In the 1980s, social scientist James Flynn made a startling discovery: Real IQ scores had been going up, on average, three points every decade since the early 20th century. The existence of this increase had been masked by the fact that the test gets updated and renormed every generation or so, pushing the average score back to 100. The implications of the eponymous "Flynn effect" are astonishing. A person of average intelligence today would have registered a full two standard deviations higher a century ago, giving him a "very superior" score of 130. We're getting smarter. A lot smarter.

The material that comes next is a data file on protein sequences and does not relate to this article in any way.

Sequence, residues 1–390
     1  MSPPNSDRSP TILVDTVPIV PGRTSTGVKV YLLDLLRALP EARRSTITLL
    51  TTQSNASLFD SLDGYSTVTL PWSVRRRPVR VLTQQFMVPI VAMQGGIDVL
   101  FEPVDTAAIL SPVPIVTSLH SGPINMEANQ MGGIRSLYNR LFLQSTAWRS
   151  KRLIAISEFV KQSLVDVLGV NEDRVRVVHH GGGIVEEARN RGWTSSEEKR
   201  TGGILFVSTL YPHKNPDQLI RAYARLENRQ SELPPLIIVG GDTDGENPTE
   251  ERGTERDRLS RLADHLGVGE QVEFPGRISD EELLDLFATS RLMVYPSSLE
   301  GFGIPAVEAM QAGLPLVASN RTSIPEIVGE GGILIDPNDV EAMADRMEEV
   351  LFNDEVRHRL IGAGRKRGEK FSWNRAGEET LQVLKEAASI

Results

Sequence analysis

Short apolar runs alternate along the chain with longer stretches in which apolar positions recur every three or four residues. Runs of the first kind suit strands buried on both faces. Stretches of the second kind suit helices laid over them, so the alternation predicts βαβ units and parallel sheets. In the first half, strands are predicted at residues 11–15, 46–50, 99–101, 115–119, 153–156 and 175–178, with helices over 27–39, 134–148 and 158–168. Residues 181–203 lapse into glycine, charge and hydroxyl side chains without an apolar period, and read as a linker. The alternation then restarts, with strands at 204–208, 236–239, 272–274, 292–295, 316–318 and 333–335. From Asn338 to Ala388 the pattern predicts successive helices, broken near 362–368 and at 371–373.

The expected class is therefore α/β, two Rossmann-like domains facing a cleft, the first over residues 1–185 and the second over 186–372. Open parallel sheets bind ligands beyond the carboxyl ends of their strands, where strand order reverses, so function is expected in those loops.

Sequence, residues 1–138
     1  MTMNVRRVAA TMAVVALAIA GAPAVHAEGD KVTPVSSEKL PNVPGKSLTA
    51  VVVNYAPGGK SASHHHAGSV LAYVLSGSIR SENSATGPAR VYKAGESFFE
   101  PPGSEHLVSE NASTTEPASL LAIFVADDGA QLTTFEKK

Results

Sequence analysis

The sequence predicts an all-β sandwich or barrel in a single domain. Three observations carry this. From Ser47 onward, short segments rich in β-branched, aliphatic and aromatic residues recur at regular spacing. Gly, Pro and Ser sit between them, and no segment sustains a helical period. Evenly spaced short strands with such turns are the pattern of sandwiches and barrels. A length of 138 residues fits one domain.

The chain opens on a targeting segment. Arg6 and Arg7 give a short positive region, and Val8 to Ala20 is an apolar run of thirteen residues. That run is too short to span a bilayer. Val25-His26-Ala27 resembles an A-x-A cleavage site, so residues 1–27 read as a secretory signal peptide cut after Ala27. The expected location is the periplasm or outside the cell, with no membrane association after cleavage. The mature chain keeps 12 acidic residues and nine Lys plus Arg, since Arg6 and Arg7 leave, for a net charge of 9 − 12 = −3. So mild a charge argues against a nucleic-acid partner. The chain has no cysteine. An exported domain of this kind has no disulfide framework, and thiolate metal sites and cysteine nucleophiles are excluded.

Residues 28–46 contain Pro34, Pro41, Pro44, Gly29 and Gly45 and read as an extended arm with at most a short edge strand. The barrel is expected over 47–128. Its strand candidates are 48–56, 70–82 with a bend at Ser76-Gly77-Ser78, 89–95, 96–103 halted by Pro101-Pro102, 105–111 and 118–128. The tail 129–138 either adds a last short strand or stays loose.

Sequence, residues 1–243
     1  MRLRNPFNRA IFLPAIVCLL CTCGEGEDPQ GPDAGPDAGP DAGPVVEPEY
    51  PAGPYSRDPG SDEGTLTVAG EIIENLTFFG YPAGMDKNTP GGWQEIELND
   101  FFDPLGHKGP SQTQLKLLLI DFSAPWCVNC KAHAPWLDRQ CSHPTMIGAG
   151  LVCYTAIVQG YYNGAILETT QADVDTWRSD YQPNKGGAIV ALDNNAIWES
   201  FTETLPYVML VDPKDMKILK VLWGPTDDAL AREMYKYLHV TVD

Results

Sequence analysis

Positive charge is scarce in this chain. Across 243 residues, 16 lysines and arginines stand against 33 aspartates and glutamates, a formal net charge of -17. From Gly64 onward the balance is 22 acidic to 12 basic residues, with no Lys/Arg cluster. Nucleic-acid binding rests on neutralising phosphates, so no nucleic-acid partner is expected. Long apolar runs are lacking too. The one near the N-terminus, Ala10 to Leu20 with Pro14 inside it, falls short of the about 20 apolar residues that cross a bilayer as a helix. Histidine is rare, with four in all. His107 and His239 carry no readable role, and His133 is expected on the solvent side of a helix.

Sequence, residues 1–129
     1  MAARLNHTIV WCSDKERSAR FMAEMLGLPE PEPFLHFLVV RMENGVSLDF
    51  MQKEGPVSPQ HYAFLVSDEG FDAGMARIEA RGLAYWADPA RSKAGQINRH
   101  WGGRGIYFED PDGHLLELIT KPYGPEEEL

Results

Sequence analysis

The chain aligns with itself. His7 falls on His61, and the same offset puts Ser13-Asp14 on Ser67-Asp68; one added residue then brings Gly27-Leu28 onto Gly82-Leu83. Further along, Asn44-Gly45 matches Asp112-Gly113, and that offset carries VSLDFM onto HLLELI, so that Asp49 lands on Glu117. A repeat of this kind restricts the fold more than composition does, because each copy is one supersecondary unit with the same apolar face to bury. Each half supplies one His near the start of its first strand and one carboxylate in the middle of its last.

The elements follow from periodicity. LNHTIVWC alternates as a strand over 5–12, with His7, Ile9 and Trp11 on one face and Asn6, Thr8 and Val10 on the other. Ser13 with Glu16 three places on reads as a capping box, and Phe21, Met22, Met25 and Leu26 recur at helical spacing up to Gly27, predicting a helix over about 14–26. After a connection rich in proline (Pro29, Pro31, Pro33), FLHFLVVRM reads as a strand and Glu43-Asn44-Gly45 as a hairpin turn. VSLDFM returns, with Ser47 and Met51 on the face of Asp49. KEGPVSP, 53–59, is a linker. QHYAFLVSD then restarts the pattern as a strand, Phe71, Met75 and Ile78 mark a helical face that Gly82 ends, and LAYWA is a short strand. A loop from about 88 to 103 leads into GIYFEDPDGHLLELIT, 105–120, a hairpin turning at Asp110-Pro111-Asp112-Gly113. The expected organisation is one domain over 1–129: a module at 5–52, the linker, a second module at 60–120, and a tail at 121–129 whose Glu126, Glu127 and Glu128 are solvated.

What's more, writes Michel Shermer, we are also getting morally smarter. Indeed, Shermer explains, the connection between increasing IQs, decreasing violence, and economic liberalism is increasingly impossible to ignore.